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What is Influenza (also called Flu)?

The flu is a contagious respiratory illness caused by influenza viruses. It can cause mild to severe illness, and at times can lead to death. The best way to prevent the flu is by getting a flu vaccination each fall.

Every year in the United States, on average:

  • 5% to 20% of the population gets the flu;
  • more than 200,000 people are hospitalized from flu complications, and;
  • about 36,000 people die from flu.

Some people, such as older people, young children, and people with certain health conditions, are at high risk for serious flu complications.

Symptoms of Flu

Symptoms of flu include:

  • fever (usually high)
  • headache
  • extreme tiredness
  • dry cough
  • sore throat
  • runny or stuffy nose
  • muscle aches
  • Stomach symptoms, such as nausea, vomiting, and diarrhea, also can occur but are more common in children than adults


Complications of Flu

Complications of flu can include bacterial pneumonia, ear infections, sinus infections, dehydration, and worsening of chronic medical conditions, such as congestive heart failure, asthma, or diabetes.


When Your Child Gets The Flu From School

No one wants their child to get sick, but with flu season right around the corner, it is a possibility for which every parent should be prepared. When your child is in school, the chances of him or her getting sick with the flu are even higher. Children are notorious for not washing their hands as much as they should, not covering their mouths when they sneeze, and spreading illnesses in class. When your child gets the flu from school, there are some things you should do to help stop the flu from spreading further.

First, you must notify the school nurse that your child is sick with the flu. This will help the school nurse to monitor other students for symptoms and hopefully prevent a wide outbreak of the flu. Also, this will also help teachers, student aides, and bathroom monitors to ensure that other children are meticulous with their hand washing. Teachers can encourage the use of antibacterial alcohol based hand cleaner to further reduce the chance of spreading the flu to other children. In addition, teachers and aides can emphasize the importance of using a tissue to cover coughs and sneezes. Notifying the school is a very important first step in preventing more children from contracting the flu, and you must make sure that you do this.

Also, make sure that you send a physician's note to the school to excuse your child's absences. This is required by law if your child misses more than two days of school, and it helps the office staff meet their own documentation requirements. Get that doctor's note to the office so that your child will not be penalized with unexcused absences and the school will not fall behind in their attendance documentation.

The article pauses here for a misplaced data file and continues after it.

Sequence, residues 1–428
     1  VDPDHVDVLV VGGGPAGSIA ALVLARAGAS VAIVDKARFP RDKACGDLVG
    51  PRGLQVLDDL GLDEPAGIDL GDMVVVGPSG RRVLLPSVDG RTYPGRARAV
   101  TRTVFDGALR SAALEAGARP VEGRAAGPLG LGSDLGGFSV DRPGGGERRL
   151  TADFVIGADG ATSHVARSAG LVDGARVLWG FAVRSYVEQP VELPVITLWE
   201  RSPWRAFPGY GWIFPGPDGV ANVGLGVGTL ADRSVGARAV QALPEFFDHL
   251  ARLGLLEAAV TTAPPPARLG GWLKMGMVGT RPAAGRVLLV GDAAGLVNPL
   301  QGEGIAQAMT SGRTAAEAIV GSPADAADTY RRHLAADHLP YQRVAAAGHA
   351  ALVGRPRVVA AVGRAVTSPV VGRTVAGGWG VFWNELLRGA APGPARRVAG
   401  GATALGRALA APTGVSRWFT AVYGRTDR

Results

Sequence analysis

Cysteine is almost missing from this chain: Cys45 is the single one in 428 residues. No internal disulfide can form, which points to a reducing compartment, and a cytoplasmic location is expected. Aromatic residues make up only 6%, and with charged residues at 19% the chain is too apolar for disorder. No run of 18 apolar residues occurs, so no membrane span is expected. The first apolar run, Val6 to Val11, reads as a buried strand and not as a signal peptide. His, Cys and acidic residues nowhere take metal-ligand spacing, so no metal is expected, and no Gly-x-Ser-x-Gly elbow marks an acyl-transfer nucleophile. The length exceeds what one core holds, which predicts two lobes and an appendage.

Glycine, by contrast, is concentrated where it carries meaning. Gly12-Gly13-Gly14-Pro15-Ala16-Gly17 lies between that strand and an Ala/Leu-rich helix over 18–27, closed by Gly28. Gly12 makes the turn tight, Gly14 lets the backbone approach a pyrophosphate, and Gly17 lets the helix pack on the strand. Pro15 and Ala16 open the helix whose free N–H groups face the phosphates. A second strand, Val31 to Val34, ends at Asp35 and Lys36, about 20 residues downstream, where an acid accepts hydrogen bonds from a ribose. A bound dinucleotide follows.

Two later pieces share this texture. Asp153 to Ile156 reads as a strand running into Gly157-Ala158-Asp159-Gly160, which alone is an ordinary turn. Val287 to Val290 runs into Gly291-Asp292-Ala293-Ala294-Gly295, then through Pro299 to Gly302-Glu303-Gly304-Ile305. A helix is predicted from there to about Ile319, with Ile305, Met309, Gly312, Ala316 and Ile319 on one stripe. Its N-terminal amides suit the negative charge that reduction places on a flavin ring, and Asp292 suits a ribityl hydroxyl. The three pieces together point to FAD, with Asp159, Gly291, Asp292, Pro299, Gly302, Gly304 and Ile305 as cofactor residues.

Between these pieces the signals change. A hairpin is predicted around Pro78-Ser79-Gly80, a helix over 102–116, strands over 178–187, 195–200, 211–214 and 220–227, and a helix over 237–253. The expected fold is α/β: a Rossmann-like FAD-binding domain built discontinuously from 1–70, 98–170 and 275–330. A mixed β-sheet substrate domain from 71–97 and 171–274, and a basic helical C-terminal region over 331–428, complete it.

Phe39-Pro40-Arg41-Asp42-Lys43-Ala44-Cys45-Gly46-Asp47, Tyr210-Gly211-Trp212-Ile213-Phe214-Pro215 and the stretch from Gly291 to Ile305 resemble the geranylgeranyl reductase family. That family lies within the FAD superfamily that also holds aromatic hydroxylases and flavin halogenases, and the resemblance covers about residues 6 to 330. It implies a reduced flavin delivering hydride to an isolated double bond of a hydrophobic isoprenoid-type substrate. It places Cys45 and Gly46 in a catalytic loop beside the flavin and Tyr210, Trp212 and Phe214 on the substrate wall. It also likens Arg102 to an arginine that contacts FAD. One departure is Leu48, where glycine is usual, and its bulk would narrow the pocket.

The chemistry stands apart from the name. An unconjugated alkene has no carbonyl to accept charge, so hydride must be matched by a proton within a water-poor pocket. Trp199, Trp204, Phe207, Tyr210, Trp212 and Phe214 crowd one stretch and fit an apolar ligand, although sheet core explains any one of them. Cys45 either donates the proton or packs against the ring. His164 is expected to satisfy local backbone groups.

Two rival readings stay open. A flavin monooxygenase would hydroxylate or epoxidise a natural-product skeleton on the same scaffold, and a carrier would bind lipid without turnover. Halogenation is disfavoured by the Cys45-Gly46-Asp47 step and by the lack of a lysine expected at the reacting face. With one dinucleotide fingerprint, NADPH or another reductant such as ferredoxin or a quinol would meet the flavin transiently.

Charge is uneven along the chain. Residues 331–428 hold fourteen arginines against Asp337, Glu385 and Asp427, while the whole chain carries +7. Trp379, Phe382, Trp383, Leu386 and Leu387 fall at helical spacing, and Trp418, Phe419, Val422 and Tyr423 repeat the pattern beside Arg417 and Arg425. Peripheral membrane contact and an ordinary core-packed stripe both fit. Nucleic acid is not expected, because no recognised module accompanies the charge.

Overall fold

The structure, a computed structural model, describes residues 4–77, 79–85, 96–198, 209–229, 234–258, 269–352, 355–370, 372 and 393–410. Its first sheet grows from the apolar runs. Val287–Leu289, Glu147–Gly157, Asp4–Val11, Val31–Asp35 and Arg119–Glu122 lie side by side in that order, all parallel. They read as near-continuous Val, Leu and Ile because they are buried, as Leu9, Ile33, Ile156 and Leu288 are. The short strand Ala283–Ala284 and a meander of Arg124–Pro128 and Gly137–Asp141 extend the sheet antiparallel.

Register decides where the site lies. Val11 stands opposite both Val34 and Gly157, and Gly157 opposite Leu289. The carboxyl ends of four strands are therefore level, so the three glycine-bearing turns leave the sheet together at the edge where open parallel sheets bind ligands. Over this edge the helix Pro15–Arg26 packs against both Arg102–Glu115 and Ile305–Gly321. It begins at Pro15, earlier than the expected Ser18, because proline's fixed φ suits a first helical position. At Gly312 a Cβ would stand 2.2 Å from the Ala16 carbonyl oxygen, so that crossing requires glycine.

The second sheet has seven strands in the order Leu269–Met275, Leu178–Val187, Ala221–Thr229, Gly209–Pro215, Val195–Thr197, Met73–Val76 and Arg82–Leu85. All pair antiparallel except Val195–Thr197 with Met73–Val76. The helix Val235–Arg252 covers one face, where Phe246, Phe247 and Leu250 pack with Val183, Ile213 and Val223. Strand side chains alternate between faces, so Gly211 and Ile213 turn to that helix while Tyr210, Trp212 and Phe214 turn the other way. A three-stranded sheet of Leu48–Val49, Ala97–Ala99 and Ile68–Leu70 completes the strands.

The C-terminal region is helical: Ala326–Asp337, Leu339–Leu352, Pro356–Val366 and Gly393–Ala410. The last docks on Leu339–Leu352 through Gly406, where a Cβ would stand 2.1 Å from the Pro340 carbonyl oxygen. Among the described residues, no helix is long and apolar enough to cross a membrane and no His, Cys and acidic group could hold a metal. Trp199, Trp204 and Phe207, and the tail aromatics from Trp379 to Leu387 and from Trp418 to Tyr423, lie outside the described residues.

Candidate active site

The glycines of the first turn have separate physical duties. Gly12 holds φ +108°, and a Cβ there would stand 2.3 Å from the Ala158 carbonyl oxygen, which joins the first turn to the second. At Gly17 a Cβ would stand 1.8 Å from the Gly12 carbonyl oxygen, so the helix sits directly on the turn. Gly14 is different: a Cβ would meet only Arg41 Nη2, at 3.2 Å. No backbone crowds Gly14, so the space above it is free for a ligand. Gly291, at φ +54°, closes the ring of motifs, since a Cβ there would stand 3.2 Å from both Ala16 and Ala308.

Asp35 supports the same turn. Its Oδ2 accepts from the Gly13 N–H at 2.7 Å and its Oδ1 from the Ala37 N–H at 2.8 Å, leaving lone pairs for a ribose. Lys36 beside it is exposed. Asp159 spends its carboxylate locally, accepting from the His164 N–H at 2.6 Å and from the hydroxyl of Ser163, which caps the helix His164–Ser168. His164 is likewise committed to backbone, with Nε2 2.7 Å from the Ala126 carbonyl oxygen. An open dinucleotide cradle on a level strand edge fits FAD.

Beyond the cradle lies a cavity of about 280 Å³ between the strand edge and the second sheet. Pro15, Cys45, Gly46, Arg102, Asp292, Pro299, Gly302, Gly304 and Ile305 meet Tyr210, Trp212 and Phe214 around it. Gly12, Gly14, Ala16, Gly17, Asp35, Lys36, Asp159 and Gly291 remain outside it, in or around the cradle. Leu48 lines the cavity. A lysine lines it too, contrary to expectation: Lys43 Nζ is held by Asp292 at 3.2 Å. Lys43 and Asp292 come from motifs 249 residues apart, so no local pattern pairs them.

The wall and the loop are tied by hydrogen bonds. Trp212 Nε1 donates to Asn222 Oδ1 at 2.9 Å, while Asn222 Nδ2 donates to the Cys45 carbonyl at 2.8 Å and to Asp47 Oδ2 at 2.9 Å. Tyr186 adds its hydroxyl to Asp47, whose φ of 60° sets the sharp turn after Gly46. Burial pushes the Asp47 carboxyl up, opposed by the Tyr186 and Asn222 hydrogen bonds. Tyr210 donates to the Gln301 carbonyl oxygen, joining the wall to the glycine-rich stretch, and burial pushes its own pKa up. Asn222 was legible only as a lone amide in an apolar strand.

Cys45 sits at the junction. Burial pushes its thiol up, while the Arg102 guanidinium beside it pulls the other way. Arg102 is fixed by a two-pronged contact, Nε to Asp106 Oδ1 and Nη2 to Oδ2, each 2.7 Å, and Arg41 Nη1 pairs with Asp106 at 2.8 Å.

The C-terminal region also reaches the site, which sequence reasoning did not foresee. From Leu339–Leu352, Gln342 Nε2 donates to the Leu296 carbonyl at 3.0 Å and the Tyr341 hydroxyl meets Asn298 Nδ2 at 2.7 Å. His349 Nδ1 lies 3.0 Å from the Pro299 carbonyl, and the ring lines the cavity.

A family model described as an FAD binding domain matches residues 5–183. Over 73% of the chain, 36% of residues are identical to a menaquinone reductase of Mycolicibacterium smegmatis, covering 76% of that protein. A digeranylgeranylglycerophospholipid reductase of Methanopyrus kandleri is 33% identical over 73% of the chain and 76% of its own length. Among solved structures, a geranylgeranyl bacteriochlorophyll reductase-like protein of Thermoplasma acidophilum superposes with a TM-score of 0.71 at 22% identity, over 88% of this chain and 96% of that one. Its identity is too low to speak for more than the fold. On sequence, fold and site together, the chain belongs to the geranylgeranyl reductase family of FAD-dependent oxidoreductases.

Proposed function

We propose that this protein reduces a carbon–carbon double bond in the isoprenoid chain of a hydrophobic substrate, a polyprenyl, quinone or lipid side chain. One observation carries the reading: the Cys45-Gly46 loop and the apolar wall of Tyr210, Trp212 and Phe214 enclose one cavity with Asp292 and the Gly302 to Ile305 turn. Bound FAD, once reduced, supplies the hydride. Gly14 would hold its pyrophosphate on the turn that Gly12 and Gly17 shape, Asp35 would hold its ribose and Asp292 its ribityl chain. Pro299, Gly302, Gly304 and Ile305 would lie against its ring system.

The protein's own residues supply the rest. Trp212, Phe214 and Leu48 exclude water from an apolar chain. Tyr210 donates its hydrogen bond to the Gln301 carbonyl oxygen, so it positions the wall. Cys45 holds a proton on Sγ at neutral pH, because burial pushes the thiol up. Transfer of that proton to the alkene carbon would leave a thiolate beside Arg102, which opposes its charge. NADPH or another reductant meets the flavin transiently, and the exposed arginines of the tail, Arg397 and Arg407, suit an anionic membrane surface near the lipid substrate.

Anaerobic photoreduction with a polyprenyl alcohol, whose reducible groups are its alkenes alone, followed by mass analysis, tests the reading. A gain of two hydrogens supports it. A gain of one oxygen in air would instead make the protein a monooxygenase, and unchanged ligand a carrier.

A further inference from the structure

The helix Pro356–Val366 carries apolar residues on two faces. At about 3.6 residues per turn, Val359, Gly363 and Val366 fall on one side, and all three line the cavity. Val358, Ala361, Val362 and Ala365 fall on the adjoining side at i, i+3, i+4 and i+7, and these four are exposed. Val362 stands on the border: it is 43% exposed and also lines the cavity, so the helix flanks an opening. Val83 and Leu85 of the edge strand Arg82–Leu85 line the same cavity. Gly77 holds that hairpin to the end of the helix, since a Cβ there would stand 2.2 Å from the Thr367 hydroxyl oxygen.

You should also contact your child's teacher or teachers and request that they make a packet of homework and reading for your child to work on while he or she is sick. This may seem like adding insult to injury, having a sick child do schoolwork, but it really is for his or her benefit. Returning to school after missing several days can result in quite a pile of make up work waiting for your child. If they can get even a little of this make up work completed while they are at home with you, it will make their return to class quite a lot easier on them.

Also, if you have more than one child, ask your pediatrician if your other children should receive the influenza vaccine to prevent them from getting the flu, too. The influenza vaccine for children requires two vaccinations and is created from the dead, destroyed influenza virus. This means that there is no way that receiving the flu shot can give you the flu. Some children may have symptoms of soreness at the injection site or mild body aches. This is a normal reaction to getting vaccinated. Check with your children's doctor to see if being vaccinated yourself is necessary, too.

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Who Should Get Vaccinated?

In general, anyone who wants to reduce their chances of getting the flu can get vaccinated. However, certain people should get vaccinated each year either because they are at high risk of having serious flu-related complications or because they live with or care for high risk persons. During flu seasons when vaccine supplies are limited or delayed, ACIP makes recommendations regarding priority groups for vaccination.

People who should get vaccinated each year are:

1. People at high risk for complications from the flu, including:

  • Children aged 6–59 months of age,
  • Pregnant women,
  • People 50 years of age and older,
  • People of any age with certain chronic medical conditions, and
  • People who live in nursing homes and other long term care facilities.

2. People who live with or care for those at high risk for complications from flu, including:

  • Household contacts of persons at high risk for complications from the flu (see above)
  • Household contacts and out of home caregivers of children less than 6 months of age (these children are too young to be vaccinated)
  • Health care workers.

3. Anyone who wants to decrease their risk of influenza.


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